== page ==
Jesus, I trust in you. Jesus, I trust in you. Jesus, I trust in you.


Jill Fischer is Principal of St. Dominic Catholic School.


The Triduum

Nestled within Holy Week is the Triduum, the three holiest days of the year. They are neither part of Lent nor part of Easter. I love the Triduum more than I love Christmas and Easter combined. Is that crazy?

It is rooted in the traditions I had as a child. We would always attend the Holy Thursday Mass of the Lord’s Supper. The pomp and circumstance associated with this Mass has always fascinated me, especially the use of Latin. I pray that our churches never relinquish this practice. I love the whole idea of washing the feet. I always wished I could be one of the chosen to do the washing. How cool is that! To do something truly in the image of Jesus for others! I never miss the opportunity to have my feet washed, as I strive to be the servant leader that Jesus wants me to be.

With Holy Thursday Mass being later into the evening, it made coming home from church foreign to the usual Sunday morning ritual. I remember how odd it felt coming home from church at night and wondering, “What do I do now?” Nothing seemed quite right. I imagine that’s how the apostles felt upon the arrest of Jesus at the garden – nothing felt quite right.

Good Friday is deeply steeped in memories. My younger brother and I ALWAYS had to watch “Jesus of Nazareth”. I credit my knowledge of the gospels to this annual viewing.  It is in watching this mini-series, year in and year out, that helped me to really know Jesus and appreciate what He did for me, for us. My parents kept Good Friday sacred. We truly fasted and it was tradition for our family to go to 3:00 services on Good Friday, followed by a good dose of reconciliation. I ALWAYS cry if “Were You There” is sung. Show Stopper. I have experienced death enough in my life that Jesus’s dying is real. I identify with it. I don’t apologize for it.

Admittedly, we rarely went to the Easter Vigil. Therefore, I never fully appreciated it until my sister-in-law was baptized 18 years ago during the Easter Vigil. What a rich ceremony! It is an evening to learn the history of our faith. It is beautiful!

As an adult, there remains this excitement, as I try to maintain the traditions that helped me fall in love with Jesus for my own family. My own life experiences, especially as a mother, and as I get older, help me to identify more and more with the passion of our Lord and the suffering endured by His mother. By intentionally allowing myself to visualize and be in the story, in real time, as I often did with my students, I “get it” more and more. Our faith is a gift, meant to be reopened time and time again.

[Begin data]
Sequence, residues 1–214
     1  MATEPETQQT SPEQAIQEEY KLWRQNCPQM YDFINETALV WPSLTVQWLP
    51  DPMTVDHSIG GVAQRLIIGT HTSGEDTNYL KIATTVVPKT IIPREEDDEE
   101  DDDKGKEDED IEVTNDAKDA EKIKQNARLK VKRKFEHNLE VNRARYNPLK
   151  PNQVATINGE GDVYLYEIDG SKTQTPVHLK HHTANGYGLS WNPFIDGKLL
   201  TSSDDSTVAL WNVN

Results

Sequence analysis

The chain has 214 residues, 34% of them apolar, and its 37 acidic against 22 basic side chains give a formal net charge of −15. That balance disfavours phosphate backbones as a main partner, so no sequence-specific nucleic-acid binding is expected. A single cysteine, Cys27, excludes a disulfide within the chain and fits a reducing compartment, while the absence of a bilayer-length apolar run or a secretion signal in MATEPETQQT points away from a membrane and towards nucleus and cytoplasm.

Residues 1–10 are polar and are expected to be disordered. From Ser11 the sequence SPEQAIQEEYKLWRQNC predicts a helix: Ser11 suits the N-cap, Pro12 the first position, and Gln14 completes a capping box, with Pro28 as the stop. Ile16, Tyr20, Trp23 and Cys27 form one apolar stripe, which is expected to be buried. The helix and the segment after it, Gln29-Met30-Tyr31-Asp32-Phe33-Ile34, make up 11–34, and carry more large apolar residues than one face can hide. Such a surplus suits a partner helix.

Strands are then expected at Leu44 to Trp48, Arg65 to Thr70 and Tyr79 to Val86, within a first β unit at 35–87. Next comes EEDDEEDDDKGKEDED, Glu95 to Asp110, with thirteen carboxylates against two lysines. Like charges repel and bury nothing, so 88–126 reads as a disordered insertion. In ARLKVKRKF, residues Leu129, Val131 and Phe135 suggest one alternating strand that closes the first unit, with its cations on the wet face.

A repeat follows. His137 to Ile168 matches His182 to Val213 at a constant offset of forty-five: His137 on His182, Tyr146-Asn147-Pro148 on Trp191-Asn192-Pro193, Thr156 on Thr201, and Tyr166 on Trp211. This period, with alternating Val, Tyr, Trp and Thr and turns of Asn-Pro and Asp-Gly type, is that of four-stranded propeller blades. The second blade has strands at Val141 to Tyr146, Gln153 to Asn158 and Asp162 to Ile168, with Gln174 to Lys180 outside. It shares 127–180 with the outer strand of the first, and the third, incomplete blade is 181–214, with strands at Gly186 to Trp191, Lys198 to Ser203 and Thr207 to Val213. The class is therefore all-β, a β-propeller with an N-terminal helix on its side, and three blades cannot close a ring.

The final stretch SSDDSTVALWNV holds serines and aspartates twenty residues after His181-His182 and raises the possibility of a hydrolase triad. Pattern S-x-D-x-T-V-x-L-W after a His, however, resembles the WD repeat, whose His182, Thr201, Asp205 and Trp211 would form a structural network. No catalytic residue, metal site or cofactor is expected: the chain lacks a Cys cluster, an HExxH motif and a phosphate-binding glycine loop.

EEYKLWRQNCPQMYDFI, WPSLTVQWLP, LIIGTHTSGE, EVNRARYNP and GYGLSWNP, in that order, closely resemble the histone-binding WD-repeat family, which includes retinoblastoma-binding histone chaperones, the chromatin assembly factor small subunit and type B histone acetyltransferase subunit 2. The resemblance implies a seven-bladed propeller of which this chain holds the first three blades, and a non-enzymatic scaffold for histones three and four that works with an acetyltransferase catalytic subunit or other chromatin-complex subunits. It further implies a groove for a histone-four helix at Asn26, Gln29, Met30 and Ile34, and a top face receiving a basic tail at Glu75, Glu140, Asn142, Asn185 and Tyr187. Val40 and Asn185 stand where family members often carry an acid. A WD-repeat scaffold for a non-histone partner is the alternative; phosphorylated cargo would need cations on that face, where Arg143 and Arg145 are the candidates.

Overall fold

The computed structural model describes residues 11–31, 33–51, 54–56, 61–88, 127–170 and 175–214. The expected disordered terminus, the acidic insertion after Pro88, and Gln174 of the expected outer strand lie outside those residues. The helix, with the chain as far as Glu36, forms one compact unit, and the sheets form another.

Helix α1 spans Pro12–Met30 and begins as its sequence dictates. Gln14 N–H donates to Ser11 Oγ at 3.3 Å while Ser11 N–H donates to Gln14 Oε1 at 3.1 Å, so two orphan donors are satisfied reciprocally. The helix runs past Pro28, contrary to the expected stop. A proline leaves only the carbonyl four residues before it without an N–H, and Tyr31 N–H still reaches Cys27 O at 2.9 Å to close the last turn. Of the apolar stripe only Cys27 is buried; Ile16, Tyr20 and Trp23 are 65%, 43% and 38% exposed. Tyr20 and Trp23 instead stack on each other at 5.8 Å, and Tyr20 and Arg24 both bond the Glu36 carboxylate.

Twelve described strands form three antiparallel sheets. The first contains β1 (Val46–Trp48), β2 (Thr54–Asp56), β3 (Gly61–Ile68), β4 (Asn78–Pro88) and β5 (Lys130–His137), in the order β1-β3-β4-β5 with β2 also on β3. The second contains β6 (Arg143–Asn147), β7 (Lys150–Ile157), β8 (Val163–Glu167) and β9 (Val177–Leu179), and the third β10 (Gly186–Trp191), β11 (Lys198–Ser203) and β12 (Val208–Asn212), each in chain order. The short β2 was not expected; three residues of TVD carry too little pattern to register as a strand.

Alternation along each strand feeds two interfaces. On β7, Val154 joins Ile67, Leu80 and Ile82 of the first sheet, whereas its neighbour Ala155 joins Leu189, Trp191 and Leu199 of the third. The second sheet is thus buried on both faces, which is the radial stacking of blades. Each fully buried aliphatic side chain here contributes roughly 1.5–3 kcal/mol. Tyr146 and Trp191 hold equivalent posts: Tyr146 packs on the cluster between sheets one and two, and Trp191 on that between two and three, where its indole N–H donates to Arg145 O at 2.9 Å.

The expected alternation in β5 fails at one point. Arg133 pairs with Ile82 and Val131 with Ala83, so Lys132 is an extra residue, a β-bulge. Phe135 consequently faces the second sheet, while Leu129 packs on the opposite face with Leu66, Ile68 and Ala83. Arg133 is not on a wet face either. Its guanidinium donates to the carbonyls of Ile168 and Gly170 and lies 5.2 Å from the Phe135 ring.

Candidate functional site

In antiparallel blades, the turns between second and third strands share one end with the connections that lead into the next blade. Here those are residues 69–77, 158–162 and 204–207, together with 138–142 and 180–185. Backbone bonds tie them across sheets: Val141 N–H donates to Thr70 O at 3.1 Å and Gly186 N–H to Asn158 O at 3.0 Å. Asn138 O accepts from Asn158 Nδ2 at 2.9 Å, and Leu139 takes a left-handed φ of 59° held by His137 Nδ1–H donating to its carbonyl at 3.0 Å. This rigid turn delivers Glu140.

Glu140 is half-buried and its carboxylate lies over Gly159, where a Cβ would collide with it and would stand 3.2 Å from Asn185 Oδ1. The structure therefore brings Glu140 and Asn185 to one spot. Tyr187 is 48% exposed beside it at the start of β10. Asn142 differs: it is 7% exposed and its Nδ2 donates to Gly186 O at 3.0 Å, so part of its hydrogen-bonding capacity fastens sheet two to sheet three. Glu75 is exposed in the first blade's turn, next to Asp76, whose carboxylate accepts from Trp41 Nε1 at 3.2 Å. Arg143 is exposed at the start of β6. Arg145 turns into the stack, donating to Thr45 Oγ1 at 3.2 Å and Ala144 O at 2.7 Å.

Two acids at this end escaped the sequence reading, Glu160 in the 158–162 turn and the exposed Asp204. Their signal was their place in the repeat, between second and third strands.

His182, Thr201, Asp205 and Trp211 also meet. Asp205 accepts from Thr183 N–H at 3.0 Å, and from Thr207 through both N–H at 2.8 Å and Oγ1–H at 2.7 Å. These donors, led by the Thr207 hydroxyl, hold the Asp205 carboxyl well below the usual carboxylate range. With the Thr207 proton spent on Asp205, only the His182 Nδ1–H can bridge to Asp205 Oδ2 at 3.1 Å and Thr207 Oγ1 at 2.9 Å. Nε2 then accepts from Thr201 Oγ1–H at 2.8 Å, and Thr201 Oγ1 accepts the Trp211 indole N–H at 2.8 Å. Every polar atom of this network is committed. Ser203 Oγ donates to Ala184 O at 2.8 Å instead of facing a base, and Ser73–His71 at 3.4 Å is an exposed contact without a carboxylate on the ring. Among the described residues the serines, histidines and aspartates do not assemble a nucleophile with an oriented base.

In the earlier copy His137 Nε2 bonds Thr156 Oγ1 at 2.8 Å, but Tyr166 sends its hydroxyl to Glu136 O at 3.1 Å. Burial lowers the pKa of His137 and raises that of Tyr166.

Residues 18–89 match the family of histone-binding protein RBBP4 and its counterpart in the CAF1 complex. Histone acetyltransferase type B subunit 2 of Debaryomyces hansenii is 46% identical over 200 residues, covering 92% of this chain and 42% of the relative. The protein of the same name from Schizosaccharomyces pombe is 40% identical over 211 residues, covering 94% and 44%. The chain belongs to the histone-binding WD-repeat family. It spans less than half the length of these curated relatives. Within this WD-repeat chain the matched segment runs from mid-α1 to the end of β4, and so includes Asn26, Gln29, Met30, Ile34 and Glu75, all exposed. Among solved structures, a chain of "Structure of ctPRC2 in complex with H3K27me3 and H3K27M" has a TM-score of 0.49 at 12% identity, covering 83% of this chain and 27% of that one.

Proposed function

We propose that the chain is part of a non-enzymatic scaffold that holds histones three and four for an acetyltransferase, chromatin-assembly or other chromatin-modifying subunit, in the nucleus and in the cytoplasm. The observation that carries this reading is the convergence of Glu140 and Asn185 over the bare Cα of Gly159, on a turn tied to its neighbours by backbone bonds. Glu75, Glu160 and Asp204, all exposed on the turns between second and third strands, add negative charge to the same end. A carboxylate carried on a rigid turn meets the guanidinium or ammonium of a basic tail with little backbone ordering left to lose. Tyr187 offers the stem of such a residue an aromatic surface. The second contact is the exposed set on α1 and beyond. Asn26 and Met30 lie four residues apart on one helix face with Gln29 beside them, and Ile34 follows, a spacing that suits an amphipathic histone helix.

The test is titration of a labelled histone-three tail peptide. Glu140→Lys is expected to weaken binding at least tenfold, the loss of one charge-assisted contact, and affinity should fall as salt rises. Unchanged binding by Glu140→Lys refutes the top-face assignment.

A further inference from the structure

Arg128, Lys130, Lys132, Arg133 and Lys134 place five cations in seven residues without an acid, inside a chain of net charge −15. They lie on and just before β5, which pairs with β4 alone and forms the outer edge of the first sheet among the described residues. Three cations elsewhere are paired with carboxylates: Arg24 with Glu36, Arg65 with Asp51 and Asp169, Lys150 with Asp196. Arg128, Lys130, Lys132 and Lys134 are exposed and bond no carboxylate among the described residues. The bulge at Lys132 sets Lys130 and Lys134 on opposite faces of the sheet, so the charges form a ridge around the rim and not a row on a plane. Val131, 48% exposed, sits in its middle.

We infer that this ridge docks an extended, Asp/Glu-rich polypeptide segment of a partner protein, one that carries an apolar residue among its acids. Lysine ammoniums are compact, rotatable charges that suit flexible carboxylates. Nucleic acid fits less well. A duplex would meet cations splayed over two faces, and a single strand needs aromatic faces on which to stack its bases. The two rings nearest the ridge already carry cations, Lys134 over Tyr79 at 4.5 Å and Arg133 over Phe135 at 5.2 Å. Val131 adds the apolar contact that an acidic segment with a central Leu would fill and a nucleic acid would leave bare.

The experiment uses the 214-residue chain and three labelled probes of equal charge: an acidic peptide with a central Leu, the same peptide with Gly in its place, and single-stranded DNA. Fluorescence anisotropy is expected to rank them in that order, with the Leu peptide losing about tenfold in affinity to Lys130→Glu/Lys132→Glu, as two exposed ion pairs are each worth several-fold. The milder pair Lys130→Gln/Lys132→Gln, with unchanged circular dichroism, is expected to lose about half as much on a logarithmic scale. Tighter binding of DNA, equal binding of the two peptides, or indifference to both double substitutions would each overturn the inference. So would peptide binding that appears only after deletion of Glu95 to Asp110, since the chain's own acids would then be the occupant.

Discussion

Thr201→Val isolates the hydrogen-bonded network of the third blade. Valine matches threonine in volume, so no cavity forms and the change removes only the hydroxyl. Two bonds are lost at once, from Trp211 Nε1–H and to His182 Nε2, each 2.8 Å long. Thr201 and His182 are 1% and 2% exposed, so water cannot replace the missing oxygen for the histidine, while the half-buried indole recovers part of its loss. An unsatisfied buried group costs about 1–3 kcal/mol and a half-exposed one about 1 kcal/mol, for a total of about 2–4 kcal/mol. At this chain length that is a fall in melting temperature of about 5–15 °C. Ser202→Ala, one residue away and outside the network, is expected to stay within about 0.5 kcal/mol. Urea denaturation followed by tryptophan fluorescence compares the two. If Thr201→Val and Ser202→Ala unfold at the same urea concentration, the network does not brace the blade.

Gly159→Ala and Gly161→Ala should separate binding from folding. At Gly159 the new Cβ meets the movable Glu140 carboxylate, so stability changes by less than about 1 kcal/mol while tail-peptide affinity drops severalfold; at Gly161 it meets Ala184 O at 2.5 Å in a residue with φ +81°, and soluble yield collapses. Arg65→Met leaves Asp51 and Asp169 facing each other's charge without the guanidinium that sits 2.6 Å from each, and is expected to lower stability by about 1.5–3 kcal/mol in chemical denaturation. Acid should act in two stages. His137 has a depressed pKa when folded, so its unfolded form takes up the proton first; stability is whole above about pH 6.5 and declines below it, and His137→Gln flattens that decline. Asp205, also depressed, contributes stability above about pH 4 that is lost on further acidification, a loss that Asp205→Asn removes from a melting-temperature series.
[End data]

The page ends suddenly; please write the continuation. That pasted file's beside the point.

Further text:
Allow the Triduum to work inside you, to make you fall in love with Jesus for the first time or the fifty first time.



Jill Fischer is the Principal of St. Dominic Catholic School.

I Can Do All Things in Him Who Strengthens Me

Do you ever feel you are not worthy of God’s love? I do, but thankfully, He thinks I am.

Or do you ever fall into the trap of thinking that God will love us no matter what, and He will, and therefore we can go around doing what we want whenever we want?

We have been created to love and be love to others. We are created in His image and likeness, a privilege not a one of us has asked for, but was freely given.

Just as in any relationship, freedom and responsibility go hand in hand. We have a tremendous amount of freedom, but we have a responsibility to use it to do God’s will. This is a huge responsibility and thankfully, He thinks we can do it. He empowers us with gifts of grace and virtue to make it happen. He provides us with sacraments to help us stay true to that gift.

Why in the world don’t we take it? Do we really not want to receive it?

Heaven is not a given. Then why do we hesitate to fully participate in our responsibilities to love God above all things and to love our neighbor as ourselves? Why do we restrict ourselves from our full potential?

I think I will ponder on that.

“St. Paul said, ‘I can do all things in him who strengthens me.’ You must come to the conviction that with Jesus, you can do all things. Even the weakness that troubles you, you can get rid of with him.” – Mother Theresa, Thirsting for God

Jill Fischer is the Principal of St. Dominic Catholic School